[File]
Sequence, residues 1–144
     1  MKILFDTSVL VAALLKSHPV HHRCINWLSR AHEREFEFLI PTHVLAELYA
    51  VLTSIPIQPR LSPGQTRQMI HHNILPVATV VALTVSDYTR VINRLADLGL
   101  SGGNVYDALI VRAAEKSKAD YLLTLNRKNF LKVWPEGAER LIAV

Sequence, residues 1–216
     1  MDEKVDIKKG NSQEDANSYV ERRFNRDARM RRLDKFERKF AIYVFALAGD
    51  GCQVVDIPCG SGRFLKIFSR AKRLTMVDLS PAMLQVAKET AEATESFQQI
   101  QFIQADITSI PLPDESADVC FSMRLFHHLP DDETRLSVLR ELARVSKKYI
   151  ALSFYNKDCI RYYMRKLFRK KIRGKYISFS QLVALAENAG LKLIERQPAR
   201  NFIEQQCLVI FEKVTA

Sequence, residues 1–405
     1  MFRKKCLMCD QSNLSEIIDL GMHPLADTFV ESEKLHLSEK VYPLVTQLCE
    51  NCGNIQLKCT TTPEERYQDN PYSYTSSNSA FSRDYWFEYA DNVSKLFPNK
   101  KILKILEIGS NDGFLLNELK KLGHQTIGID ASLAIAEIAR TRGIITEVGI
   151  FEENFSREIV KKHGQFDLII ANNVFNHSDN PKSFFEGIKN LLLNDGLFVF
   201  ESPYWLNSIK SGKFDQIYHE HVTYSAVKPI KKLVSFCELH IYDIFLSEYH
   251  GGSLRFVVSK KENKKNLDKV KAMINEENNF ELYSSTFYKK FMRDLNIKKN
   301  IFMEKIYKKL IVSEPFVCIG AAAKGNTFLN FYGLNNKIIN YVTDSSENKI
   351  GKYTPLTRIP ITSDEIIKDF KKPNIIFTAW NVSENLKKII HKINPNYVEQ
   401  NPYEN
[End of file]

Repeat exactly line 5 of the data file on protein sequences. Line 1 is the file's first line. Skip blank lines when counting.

Sequence, residues 1–216